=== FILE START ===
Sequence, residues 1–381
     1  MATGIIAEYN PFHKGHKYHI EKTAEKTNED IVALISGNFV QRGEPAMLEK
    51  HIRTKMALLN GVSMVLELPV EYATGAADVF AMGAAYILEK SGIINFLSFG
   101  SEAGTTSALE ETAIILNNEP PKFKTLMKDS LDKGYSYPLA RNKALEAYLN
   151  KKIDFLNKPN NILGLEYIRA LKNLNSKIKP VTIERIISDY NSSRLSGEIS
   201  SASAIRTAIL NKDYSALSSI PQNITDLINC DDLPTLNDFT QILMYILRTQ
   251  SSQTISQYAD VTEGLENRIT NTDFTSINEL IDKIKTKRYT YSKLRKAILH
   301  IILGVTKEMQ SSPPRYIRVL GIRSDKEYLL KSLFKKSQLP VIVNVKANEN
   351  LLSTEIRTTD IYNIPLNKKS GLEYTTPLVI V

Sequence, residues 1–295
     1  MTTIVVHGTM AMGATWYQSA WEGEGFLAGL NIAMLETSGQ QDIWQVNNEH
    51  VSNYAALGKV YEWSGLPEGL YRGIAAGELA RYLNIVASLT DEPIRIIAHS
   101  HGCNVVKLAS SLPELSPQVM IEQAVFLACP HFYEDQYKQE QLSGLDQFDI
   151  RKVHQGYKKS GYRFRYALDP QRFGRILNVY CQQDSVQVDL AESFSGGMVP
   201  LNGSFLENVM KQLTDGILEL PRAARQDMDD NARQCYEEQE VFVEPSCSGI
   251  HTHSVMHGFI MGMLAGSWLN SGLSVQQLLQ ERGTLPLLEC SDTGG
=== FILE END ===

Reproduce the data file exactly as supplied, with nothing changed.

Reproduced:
Sequence, residues 1–381
     1  MATGIIAEYN PFHKGHKYHI EKTAEKTNED IVALISGNFV QRGEPAMLEK
    51  HIRTKMALLN GVSMVLELPV EYATGAADVF AMGAAYILEK SGIINFLSFG
   101  SEAGTTSALE ETAIILNNEP PKFKTLMKDS LDKGYSYPLA RNKALEAYLN
   151  KKIDFLNKPN NILGLEYIRA LKNLNSKIKP VTIERIISDY NSSRLSGEIS
   201  SASAIRTAIL NKDYSALSSI PQNITDLINC DDLPTLNDFT QILMYILRTQ
   251  SSQTISQYAD VTEGLENRIT NTDFTSINEL IDKIKTKRYT YSKLRKAILH
   301  IILGVTKEMQ SSPPRYIRVL GIRSDKEYLL KSLFKKSQLP VIVNVKANEN
   351  LLSTEIRTTD IYNIPLNKKS GLEYTTPLVI V

Sequence, residues 1–295
     1  MTTIVVHGTM AMGATWYQSA WEGEGFLAGL NIAMLETSGQ QDIWQVNNEH
    51  VSNYAALGKV YEWSGLPEGL YRGIAAGELA RYLNIVASLT DEPIRIIAHS
   101  HGCNVVKLAS SLPELSPQVM IEQAVFLACP HFYEDQYKQE QLSGLDQFDI
   151  RKVHQGYKKS GYRFRYALDP QRFGRILNVY CQQDSVQVDL AESFSGGMVP
   201  LNGSFLENVM KQLTDGILEL PRAARQDMDD NARQCYEEQE VFVEPSCSGI
   251  HTHSVMHGFI MGMLAGSWLN SGLSVQQLLQ ERGTLPLLEC SDTGG